Originally Posted by voxsartoria View Post
There's that, and also the caloric density of processed / fast food / restaurant chain food that is marketed to Americans, combined with a slide toward greater phiysical inactivity. This is a worldwide trend, and Americans are simply at the leading edge. Forget the population stastistics, which are bad enough: look at the numbers for American children to see how grim the future is going to be. Germaine to the "expensive clothing hobby," obesity used to be associated with poverty in the US. This has gone out the window...some old numbers, but you can extrapolate to today easily enough. Here are the income-obesity statistics for 1971-1974: Less than $25,000: 22.5% obese $25,000-$40,000: 16.1% obese $40,000-$60,000: 14.5% obese More than $60,000: 9.7% obese Here are the results for 2001-2002: Less than $25,000: 32.5% obese $25,000-$40,000: 31.3% obese $40,000-$60,000: 30.3% obese More than $60,000: 26.8% obese Here's how much obesity increased in each category: Less than $25,000: increase of 144% $25,000-$40,000: increase of 194% $40,000-$60,000: increase of 209% More than $60,000: increase of 276% Numbers are based on national surveys of adults who were at least 20 years old. Obesity was defined as body mass index (BMI) of 30 or higher. Income was adjusted to year 2000 U.S. dollars. The statistics don't include people who are overweight but not obese (BMI of 25-29.9). - B
Even with CPI adjustment, it would be interesting to see a breakdown of the higher end (i.e. 60k+) simply because of the wider disparity in the higher end incomes now compared to back then.
post #41 of 61
Quote:
Originally Posted by voxsartoria View Post

Here are the income-obesity statistics for 1971-1974:

Less than $25,000: 22.5% obese
$25,000-$40,000: 16.1% obese
$40,000-$60,000: 14.5% obese
More than $60,000: 9.7% obese

Here are the results for 2001-2002:

Less than $25,000: 32.5% obese
$25,000-$40,000: 31.3% obese
$40,000-$60,000: 30.3% obese
More than $60,000: 26.8% obese

Here's how much obesity increased in each category:

Less than $25,000: increase of 144%
$25,000-$40,000: increase of 194%
$40,000-$60,000: increase of 209%
More than $60,000: increase of 276%



- B

Math doesn't seem to work out. If you go from 22.5 to 32.5, the increase (32.5-22.5) is less than 50% increase. Still very high though.

Relative to other countries in the world, the US leads in obesity:

http://www.nationmaster.com/graph/he...health-obesity
post #42 of 61
Thread Starter 
Quote:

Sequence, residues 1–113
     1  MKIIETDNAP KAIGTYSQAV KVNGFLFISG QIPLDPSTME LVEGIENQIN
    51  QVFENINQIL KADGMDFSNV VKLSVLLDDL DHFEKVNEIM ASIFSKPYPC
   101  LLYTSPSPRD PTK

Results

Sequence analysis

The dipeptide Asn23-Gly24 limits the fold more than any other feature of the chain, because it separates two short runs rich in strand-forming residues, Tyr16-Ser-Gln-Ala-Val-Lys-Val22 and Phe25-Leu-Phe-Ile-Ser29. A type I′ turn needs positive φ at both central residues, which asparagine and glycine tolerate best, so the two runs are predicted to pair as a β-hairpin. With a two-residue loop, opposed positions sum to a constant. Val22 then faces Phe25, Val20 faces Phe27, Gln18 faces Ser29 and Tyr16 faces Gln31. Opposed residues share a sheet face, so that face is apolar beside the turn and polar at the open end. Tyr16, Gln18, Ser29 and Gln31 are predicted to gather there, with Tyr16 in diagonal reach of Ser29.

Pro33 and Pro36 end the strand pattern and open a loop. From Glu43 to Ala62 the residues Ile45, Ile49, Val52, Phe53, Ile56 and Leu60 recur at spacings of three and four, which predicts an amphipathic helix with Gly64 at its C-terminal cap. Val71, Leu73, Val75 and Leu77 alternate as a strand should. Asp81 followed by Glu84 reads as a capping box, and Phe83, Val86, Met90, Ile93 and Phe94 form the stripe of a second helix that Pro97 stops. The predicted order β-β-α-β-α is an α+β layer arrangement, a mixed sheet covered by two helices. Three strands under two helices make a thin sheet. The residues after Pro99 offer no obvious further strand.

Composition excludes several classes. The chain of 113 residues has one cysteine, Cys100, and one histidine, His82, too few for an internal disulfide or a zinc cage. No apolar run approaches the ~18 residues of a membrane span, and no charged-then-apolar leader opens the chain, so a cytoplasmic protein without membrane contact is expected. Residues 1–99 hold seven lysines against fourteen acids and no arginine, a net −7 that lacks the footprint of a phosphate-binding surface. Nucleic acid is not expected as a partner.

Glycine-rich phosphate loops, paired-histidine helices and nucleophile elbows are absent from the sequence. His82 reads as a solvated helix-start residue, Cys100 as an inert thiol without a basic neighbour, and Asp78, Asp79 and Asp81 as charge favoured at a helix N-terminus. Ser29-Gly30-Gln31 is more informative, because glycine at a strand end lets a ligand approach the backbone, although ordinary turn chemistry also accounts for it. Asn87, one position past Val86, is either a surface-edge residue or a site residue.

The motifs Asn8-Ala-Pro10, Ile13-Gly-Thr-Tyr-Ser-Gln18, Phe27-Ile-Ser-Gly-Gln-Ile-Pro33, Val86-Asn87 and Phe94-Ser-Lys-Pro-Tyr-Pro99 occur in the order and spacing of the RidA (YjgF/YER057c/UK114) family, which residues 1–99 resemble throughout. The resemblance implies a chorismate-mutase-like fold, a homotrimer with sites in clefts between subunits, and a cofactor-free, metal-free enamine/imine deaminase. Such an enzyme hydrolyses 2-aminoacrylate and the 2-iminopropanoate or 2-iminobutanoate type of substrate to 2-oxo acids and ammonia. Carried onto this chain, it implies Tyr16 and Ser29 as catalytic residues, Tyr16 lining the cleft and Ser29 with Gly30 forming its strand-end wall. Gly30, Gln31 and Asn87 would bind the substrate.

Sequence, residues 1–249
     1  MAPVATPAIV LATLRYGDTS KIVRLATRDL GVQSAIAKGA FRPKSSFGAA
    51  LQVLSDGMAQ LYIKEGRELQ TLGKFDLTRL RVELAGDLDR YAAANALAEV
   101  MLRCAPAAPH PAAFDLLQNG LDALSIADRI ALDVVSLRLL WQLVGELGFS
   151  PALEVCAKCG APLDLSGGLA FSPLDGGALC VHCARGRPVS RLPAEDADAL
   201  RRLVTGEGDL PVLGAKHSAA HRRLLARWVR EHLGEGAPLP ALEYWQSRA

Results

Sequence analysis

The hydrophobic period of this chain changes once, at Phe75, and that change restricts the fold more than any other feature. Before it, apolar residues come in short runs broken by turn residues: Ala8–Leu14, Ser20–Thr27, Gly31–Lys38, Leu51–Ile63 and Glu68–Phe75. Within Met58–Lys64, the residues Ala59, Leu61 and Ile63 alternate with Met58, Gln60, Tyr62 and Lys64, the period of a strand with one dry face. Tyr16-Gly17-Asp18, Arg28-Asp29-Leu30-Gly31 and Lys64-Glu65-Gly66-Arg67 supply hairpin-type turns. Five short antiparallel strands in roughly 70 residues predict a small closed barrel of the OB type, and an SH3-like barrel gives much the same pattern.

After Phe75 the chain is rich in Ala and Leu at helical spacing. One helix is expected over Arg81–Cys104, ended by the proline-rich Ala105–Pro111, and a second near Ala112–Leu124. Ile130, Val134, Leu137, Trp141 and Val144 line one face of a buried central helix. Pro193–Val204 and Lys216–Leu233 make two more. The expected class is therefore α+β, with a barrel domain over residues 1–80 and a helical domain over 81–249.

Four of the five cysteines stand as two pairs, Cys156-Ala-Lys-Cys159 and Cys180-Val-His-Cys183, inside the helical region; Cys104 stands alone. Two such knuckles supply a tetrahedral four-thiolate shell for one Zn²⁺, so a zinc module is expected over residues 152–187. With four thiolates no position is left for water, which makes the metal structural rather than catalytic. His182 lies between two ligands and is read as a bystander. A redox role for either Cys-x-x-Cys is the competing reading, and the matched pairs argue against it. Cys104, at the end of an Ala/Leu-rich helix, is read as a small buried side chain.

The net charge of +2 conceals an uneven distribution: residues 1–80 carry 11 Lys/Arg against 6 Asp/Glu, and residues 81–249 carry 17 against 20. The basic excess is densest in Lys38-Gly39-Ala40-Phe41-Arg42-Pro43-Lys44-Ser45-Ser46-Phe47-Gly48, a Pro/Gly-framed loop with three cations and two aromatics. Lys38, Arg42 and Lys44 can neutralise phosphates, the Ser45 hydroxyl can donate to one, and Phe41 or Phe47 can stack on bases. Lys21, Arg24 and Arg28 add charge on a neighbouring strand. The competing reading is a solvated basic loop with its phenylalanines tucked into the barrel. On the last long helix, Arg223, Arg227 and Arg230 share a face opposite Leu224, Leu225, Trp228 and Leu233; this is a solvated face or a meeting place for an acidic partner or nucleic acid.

Originally Posted by voxsartoria View Post
Here are the income-obesity statistics
- B

Interesting, as both the credit card phenomenon and the food industry are both very predatorial in getting unwitting consumers "hooked."

Unlike the credit card industry where one can "de-obese" yourself with bankruptcy, with the food industry one is stuck once overballooned.

I am sure the emotional enticement of blind minds commonality is very strong with these two industries.

- M
post #43 of 61
Quote:
Originally Posted by Manton View Post
I eat when I am hungry, and don't when I am not. I am not hungry 6 times a day, or even three times a day. There is no way I could force myself to do this.


I've no idea what the point of this thread is but when does that stop me. 5% dietary fat is too low for healthy people. Fat is needed just like everything else.

Eat only when hungry tends to force your body to pack on fat.
post #44 of 61
Quote:
Originally Posted by voxsartoria View Post

The human body is pretty adaptable. The advantages of multiple small meals for mitigating insulin swings for individuals with sub-obese BMIs is probably nil. Most of those studies are based on fatties.

For people lifting eating multiple meals isn't about insulin so much.

1) If you snack you are less likely to cheat.

2) For those on mega doses of protein the body can only handle so much without pissing it all out.

3) Your body doesn't shut down. Keep feeding it some food and it'll keep going. Means your body is less likely to want to store fat.

4) People bulking can be eating 4K or more calories. Try doing that on one meal a day. Small meals are relative.

Finally I've no idea why having two or three snacks would stop people from eating with thier families.
post #45 of 61
Quote:
Originally Posted by wmmk View Post
I'm about 6'1" (and growing), 165. I think that's pretty healthy. I probably have ~10 lbs. of extraneous bodyfat which I'm trying to replace with muscle. This works out well for a streetwear & denim-type wardrobe, although I'd bulk up if I were wearing a suit every day.

At 6 feet, 1 inch tall, what kind of frame do you have wmmk? Do you have a small frame with a small amount of muscularity? If so, your normal weight is 175 pounds. Do you have a medium frame with a moderate amount of muscularity? If so, your normal weight is 190 pounds. Do you have a large frame with a large amount of muscularity? If so, your normal weight is 205 pounds?

Since you are still growing, for every inch that a human being grows vertically, their normal weight (but not necessarily their actual weight, though often their actual weight as well) goes up by 5 pounds (regardless of frame, gender or anything else).